Wow! What a year. There have been so many changes, I don’t know which end is up. When will this ever end?
Ready for a Refreshed 2021
Yes, it has been quite a year.
The depth, breadth and sustained impact of the pandemic is clearly an outlier. A Black Swan.
But. . . the change that has been thrust upon us, admittedly extreme and more intense (the dumpster fire that is 2020!), is a version of the regular change occurring in our lives already and with more to come.
Many of us are living through is what author Bruce Feiler would call a life quake. But I’m getting ahead of myself.
First, a few statistics about the current state of the world of work. Feiler reports:
- The average worker will have 12 different jobs before age 50
- Those with higher education will have 15 jobs and change their skill set three times
- It’s estimated that half of American workers are at risk to losing their job to automation
In his book, Life is in the Transitions, Feiler reports on his extensive research and analysis of detailed one-on-one interviews with 225 people about their life stories.
One of his main messages is that life stories are not linear as many imagine and expect
Life does not progress from one predictable life stage to another on a tidy schedule.
For some the patterns of a linear life do occur: such as, adulthood, marriage, children, empty nest, grandchildren and retirement.
But for many, they do not experience all these stages or in that sequence, or on an anticipated schedule. This same nonlinearity occurs in other domains of our lives.
We experience what Feiler calls disruptors. These are changes that throw off the equilibrium of our lives. They mostly involve change – marriage, births, death, illness, starting and losing jobs.
Among the 225 life stories he heard, Feiler identified 52 different disruptors across five categories – beliefs, body, identity, love and work.
Looking for patterns, Feiler and his team analyzed the content of his interviews very systematically. He discovered:
- As adults we will face an average of 35 disruptors in our life
- This means on, average, we are experiencing one every 12 to 18 months
Of course, disruptors don’t occur in any predictable way and, what’s more, they can lead to life quakes.
Feiler defines a life quake as a “forceful burst of change in one’s life that leads to a period of upheaval, transition and renewal.”
Life quakes are more destabilizing and disorienting than disruptors.
A disruptor can become a life quake if it occurs at a time of particular vulnerability; occurs at the end of a long list of disruptors and is the last straw; or, if there is a cluster of disruptors and it has the impact like a pile up of many cars.
“It’s as if our immune system becomes compromised by one disruptor so that when one, two or three come along, our entire identify gets the flu,” writes Feiler.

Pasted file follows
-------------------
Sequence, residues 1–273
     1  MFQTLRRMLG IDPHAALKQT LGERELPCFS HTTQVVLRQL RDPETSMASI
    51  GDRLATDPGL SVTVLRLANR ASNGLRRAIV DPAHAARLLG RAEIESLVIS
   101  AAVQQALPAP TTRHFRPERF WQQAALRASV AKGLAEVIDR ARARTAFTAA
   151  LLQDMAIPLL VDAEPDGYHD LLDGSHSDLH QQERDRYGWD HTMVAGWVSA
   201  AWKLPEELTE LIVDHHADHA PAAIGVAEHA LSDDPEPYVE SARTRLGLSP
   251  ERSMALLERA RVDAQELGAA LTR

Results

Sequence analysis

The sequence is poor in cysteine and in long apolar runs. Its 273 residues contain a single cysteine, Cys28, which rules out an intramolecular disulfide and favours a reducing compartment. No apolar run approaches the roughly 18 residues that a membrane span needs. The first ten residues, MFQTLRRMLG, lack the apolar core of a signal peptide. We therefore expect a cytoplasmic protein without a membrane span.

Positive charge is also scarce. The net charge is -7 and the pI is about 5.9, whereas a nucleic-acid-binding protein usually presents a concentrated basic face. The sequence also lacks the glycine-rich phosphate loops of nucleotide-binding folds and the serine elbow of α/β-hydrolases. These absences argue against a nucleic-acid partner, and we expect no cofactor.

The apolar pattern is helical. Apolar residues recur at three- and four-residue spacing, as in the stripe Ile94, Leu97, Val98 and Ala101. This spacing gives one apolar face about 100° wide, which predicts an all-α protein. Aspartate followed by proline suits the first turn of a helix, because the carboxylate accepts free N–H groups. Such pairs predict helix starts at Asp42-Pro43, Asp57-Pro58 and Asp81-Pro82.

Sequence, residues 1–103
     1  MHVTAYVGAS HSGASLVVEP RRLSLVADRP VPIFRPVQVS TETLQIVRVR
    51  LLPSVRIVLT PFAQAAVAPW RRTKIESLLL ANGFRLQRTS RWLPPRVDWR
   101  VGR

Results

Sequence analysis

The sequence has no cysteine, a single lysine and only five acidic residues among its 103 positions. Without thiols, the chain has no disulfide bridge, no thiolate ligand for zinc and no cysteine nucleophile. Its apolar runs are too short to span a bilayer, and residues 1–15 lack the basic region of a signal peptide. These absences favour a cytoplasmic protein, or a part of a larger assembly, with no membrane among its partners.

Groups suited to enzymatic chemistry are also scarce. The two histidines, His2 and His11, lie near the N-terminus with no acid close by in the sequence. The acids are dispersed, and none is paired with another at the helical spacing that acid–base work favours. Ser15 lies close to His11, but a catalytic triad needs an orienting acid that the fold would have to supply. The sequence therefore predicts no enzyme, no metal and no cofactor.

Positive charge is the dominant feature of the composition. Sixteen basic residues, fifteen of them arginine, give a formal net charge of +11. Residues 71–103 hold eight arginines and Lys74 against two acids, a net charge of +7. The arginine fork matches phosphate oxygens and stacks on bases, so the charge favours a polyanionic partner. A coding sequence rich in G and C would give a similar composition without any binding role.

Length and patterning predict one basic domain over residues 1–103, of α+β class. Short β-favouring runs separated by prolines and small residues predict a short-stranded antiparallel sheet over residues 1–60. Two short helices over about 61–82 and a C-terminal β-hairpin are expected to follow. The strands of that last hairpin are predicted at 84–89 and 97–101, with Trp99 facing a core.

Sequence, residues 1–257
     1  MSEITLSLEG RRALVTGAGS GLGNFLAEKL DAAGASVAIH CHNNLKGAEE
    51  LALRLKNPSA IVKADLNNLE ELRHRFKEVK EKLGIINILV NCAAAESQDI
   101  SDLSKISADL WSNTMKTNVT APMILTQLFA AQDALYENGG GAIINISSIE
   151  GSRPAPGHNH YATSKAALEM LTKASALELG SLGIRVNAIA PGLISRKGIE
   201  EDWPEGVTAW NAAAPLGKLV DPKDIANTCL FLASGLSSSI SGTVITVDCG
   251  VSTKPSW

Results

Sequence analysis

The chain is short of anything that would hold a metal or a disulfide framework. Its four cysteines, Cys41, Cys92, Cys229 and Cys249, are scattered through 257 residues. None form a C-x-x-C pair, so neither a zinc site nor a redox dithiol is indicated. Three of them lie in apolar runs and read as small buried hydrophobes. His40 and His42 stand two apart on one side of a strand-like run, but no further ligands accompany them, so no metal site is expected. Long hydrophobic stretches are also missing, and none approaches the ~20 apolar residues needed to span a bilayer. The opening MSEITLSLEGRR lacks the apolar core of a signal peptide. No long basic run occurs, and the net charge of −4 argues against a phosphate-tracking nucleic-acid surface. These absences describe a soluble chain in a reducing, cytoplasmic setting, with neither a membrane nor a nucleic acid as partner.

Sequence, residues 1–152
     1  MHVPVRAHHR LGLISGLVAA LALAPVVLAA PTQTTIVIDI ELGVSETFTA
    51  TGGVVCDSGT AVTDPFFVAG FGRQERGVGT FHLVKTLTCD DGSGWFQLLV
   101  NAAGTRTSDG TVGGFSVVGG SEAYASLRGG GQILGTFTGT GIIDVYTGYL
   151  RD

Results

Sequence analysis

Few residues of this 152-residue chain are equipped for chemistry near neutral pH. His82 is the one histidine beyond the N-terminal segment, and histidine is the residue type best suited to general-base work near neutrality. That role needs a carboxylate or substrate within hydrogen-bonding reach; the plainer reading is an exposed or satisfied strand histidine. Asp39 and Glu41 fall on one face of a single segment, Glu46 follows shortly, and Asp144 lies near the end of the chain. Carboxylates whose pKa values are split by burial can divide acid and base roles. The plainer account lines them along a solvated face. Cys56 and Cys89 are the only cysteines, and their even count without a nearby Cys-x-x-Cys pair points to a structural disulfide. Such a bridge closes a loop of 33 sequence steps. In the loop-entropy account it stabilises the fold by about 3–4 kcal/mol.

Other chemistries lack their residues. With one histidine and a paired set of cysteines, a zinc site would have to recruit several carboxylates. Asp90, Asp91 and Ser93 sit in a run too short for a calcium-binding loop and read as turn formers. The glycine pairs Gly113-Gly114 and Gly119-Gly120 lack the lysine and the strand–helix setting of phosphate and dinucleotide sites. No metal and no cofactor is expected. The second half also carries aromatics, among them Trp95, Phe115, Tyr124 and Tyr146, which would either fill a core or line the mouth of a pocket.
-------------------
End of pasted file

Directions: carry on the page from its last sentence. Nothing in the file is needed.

One big impact of a life quake is that is causes us to revisit our life story. A part of meaning making is adjusting our life stories to accommodate a new life reality.
Feiler found that 87% of life quakes were personal and 13% were collective – like 911 or the 2020 pandemic broadly impacting many.
People typically experience between three and five life quakes. Given that 75% of life quakes take at least four years to weather, it means a big portion of our lives is in a state of significant transition.
How to manage all this?
Change models generally include three phases: a leaving, a transition period, and a new beginning.
Feiler identified seven different tools people used to help them get through their life transitions and found they fell into the three phases as outlined below.
- Accept it – identify your emotions, cease resisting
- Make it – ritualize to make the change; rituals help us process change
- Shed it – give up old mindsets, make room for new ideas
- Share it – seek wisdom from others, socialize the process for feedback and input
- Launch it – unveil your new self
- Tell it – compose a fresh story
A last tool: Create it (try new things) can occur
at any and all of the stages
The overriding message is that while most of us still hold on to the expectation that our lives will unfold in some linear way, they likely will not.
We shouldn’t be surprised or despair. In fact, we can expect disruptors and life quakes to throw us off balance, to invite us to question our lives, and to reinvent ourselves with refreshed priorities and purpose.
Broad and accelerating change is our current reality and we can expect more. AI and global warming alone will instigate more dislocations.
While never stated explicitly in his book, I take away the critical importance of being agile and all that that means.
There is power in accepting the changes, understanding the structure of transitions, and engaging with the tools.
That surrendering will give us a leg up to thrive.